Study objectives: We sought to determine the indicators of asthma severity among children in the United States with high and low levels of tobacco smoke exposure.
Design: Cross-sectional study.
Setting: Nationally representative survey of participants in the Third National Health and Nutrition Examination Survey (from 1988 to 1994).
Participants: Five hundred twenty-three children with physician-diagnosed asthma.
Measurements and results: We stratified the study participants into tertiles on the basis of serum levels of cotinine (a metabolite of nicotine that indicates tobacco smoke exposure). We used logistic and linear regression modeling, adjusting for known covariates, to determine the effect of high environmental tobacco smoke exposure on the following outcomes: asthma severity (determined using reported symptom and respiratory illness frequency); lung function; physician visits; and school absence. Among our study sample, 78.6% of children had mild asthma, 6.8% of children had moderate asthma, and 14.6% of children had severe asthma. Asthmatic children with high levels of smoke exposure, compared with those with low levels of exposure, were more likely to have moderate or severe asthma (odds ratio, 2.7 95% confidence interval [CI], 1.1 to 6.8) and decreased lung function, with a mean FEV(1) decrement of 213 mL or 8.1% (95% CI, -14.7 to -3.5).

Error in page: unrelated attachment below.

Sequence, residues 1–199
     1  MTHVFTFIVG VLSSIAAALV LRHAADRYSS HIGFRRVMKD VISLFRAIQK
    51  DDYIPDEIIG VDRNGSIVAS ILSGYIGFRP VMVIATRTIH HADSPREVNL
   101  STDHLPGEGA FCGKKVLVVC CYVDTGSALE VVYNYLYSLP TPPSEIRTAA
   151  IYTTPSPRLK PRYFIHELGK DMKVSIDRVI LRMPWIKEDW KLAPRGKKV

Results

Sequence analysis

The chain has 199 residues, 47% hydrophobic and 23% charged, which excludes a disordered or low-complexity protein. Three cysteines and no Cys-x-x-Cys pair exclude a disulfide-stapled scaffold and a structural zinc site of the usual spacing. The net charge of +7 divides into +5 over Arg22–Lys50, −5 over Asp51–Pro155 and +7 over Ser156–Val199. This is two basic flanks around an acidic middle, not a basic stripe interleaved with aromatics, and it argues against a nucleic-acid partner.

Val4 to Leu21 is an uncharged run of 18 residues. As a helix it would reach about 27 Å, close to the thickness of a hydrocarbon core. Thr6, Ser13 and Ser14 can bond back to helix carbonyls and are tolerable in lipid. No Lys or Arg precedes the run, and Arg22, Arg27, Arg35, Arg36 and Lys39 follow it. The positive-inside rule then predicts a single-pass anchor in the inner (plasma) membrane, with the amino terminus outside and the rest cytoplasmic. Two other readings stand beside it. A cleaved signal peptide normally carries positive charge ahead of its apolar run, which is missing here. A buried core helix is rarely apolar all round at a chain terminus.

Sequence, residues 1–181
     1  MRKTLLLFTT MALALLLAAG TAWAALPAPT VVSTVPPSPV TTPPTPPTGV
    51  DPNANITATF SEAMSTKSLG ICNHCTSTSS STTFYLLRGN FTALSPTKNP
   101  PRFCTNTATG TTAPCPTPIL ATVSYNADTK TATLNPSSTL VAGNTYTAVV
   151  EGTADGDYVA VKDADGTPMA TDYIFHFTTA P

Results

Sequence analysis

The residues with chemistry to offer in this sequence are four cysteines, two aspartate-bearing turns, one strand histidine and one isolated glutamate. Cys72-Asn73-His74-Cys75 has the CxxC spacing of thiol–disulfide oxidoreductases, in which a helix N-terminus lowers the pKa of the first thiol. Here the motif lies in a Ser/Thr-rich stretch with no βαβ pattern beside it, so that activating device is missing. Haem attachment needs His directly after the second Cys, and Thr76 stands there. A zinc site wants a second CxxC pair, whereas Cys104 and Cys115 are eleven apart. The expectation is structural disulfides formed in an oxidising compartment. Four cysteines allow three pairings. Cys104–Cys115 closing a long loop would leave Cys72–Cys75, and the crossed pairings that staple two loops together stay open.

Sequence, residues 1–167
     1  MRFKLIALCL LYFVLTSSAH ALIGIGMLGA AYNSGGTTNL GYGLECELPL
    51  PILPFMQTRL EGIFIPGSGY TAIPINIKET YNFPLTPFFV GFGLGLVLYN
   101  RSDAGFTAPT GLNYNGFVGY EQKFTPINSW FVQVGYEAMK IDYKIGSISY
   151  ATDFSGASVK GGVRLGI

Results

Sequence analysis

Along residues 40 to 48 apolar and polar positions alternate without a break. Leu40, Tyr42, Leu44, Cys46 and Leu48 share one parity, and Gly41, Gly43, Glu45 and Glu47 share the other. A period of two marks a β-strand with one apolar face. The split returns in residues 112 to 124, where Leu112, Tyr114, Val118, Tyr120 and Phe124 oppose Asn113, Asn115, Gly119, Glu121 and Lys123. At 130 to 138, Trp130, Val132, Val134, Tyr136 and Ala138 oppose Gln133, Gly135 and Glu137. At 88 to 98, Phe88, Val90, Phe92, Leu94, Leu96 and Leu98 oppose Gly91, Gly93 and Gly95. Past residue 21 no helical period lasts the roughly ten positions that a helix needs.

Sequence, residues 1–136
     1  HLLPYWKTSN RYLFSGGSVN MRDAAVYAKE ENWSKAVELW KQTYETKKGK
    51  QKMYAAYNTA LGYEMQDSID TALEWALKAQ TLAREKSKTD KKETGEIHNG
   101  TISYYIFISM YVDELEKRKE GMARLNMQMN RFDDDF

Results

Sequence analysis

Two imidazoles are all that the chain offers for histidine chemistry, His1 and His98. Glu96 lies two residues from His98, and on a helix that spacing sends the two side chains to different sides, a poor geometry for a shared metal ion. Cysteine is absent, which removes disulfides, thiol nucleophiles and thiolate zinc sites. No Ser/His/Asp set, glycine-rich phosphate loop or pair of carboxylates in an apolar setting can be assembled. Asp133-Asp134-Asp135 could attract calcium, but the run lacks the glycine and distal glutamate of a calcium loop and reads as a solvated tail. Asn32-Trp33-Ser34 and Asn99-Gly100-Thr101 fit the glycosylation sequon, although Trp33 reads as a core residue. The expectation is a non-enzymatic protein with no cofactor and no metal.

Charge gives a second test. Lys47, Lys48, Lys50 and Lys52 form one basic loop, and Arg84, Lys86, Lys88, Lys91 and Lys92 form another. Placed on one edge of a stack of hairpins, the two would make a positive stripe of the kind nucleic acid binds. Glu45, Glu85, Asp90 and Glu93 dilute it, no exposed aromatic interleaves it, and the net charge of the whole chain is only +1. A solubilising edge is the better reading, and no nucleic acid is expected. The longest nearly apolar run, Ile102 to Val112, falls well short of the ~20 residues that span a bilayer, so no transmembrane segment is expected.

Conclusions: Involuntary smoke exposure is associated with increased asthma severity and worsened lung function in a nationally representative group of US children with asthma.